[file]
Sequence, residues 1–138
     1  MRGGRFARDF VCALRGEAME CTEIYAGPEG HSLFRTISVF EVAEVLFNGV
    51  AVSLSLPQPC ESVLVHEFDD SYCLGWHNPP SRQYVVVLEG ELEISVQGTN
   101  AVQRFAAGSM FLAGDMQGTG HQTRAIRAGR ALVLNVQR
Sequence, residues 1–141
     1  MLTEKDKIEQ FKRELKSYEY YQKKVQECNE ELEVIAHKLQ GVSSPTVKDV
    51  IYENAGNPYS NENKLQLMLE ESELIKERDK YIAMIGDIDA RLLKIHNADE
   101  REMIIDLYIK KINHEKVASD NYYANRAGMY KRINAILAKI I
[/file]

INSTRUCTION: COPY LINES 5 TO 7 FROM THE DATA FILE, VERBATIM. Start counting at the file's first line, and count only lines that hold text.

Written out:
Sequence, residues 1–141
     1  MLTEKDKIEQ FKRELKSYEY YQKKVQECNE ELEVIAHKLQ GVSSPTVKDV
    51  IYENAGNPYS NENKLQLMLE ESELIKERDK YIAMIGDIDA RLLKIHNADE